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What is the loop unrolling policy for JIT? Or if there is no simple answer to that, then is there some way i can check where/when loop unrolling is being performed in a loop?

GNode child = null;
for(int i=0;i<8;i++){
   child = octree.getNeighbor(nn, i, MethodFlag.NONE);
   RecurseForce(leaf, child, dsq, epssq);

Basically, i have a piece of code above that has a static number of iterations (eight), and it does bad when i leave the for loop as it is. But when i manually unroll the loop, it does significantly better. I am interested in finding out if the JIT actually does unroll the loop, and if not, then why.

share|improve this question
That's a very, very specific question that you'll need to analyze for a specific version of a specific JVM on a specific platform. And I guess they "why" can only ever be answered by in-depth analysis of the JIT code. – Joachim Sauer Aug 30 '11 at 12:37
You left out one crucial detail: Which JVM are you using? – aioobe Aug 30 '11 at 12:38
@aioobe Its Java Hotspot 64 bit, 1.6.x – R.K Aug 30 '11 at 14:02
up vote 6 down vote accepted

If the JVM unrolls the loop is probably best answered by actually printing the generated assembly. Note that this requires your code to actually be executed as a hot spot (i.e. the JVM considers it worthy of the expensive optimizations).

Why the JVM decides one way or another is a much harder question and probably requires in-depth analysis of the JIT code.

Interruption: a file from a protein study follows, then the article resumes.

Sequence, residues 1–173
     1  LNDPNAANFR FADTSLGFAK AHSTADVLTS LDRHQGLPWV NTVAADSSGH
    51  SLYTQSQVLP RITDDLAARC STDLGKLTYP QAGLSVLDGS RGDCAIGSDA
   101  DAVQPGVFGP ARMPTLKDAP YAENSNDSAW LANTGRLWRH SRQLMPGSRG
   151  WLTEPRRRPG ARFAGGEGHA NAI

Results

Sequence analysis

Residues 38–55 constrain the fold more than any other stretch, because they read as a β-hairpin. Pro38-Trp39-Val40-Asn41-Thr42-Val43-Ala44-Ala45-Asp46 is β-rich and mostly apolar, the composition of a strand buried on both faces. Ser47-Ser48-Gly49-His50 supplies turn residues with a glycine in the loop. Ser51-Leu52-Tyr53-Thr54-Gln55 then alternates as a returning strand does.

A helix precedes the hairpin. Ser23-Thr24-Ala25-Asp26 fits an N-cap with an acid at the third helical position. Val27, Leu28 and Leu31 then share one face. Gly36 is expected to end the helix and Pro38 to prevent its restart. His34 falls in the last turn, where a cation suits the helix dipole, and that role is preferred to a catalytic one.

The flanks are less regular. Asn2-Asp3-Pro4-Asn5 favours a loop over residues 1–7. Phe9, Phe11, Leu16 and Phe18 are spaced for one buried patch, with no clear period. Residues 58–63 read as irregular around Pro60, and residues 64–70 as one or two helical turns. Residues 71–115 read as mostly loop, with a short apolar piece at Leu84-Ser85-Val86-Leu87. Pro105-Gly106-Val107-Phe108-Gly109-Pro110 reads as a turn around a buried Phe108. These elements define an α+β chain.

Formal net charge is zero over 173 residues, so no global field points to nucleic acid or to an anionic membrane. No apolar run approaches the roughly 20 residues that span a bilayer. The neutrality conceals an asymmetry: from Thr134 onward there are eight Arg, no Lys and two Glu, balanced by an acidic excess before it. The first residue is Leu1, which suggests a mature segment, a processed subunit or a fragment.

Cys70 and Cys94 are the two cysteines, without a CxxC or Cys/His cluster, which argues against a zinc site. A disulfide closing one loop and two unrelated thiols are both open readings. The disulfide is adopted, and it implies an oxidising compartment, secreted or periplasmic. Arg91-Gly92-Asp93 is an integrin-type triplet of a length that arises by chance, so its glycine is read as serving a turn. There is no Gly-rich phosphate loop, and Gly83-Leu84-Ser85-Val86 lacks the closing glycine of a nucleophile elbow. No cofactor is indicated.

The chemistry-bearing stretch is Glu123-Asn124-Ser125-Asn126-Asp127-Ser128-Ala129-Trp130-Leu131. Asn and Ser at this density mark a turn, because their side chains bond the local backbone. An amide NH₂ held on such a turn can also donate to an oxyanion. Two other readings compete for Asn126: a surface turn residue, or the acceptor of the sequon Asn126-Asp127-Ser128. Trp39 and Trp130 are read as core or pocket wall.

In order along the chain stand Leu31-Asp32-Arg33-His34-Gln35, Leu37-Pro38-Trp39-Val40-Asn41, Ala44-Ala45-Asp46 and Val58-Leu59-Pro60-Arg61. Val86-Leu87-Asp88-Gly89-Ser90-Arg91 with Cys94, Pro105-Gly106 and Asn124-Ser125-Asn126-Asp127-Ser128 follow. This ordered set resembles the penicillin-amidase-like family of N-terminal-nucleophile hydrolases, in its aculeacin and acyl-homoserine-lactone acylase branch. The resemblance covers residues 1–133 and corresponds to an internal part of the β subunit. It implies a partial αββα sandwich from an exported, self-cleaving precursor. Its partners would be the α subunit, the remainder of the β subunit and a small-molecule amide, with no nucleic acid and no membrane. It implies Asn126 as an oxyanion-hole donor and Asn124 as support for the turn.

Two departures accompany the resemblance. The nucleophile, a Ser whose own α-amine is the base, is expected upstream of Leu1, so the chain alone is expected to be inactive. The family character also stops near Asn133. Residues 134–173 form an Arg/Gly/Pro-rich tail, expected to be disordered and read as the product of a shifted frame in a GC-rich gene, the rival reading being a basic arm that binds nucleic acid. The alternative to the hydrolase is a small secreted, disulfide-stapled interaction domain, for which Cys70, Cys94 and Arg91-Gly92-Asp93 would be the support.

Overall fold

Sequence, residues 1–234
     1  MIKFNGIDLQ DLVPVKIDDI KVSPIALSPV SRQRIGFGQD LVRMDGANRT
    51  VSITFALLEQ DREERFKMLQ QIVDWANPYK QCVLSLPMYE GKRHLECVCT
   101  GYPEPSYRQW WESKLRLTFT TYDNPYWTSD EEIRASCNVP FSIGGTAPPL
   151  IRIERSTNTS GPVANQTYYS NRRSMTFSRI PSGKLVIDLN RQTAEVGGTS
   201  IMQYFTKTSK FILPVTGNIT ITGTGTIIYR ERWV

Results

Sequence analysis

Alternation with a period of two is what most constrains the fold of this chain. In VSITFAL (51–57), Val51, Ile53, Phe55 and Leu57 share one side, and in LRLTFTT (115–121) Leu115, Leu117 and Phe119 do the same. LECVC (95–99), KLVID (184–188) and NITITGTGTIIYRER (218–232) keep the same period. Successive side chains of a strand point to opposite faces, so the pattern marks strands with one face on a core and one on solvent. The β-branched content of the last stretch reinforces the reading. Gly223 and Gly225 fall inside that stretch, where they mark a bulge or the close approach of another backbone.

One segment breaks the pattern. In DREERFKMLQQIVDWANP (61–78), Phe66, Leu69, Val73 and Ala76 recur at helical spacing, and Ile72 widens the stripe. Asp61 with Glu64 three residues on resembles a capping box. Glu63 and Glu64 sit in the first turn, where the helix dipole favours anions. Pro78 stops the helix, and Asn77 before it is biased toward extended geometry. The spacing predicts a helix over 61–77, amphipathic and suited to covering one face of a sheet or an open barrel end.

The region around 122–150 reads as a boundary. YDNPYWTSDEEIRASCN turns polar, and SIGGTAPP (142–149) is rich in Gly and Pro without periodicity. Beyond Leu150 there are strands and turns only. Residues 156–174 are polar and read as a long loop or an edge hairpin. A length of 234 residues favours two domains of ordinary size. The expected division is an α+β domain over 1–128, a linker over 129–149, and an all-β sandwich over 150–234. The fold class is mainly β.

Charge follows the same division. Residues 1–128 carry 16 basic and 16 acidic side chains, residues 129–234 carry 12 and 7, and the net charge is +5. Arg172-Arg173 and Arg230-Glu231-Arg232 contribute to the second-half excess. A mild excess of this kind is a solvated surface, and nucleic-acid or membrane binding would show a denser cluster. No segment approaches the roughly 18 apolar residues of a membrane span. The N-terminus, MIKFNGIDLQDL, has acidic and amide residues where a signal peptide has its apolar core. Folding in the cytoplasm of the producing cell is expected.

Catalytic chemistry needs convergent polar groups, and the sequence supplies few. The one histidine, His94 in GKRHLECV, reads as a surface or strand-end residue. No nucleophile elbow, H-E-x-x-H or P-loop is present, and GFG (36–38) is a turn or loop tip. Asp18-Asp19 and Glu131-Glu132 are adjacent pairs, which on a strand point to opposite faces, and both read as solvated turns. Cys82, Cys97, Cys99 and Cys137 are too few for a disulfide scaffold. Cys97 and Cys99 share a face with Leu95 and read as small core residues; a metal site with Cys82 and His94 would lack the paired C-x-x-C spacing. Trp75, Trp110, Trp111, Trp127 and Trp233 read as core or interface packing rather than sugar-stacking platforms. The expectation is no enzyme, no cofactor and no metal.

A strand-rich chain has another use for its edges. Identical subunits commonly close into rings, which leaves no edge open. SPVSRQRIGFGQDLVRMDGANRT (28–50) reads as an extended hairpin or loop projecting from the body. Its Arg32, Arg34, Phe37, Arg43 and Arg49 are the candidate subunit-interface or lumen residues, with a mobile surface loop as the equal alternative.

share|improve this answer
Thanks. Printing the assembly would be a possible way, but I was wondering if there was any exposed API to look into this. Something like a method that is called whenever loop unrolling is done by the JIT, and i can count the number of times it is called as well as the context within which it is called. I looked through the JVMTI and did not find anything. – R.K Aug 30 '11 at 14:07
I'm pretty sure that there is no such API, simply because this is highly implementation-dependent and only of limited use for most applications. – Joachim Sauer Aug 30 '11 at 14:37
Thanks. I guess i was expecting too much after playing with JVMTI and Eclipse JDT. – R.K Aug 30 '11 at 14:47
Actually the whole thing is not only implementation and code specific, one can even influence it with command line options. Goo look at -XX:LoopUnrollLimit=. – Voo Aug 30 '11 at 22:57

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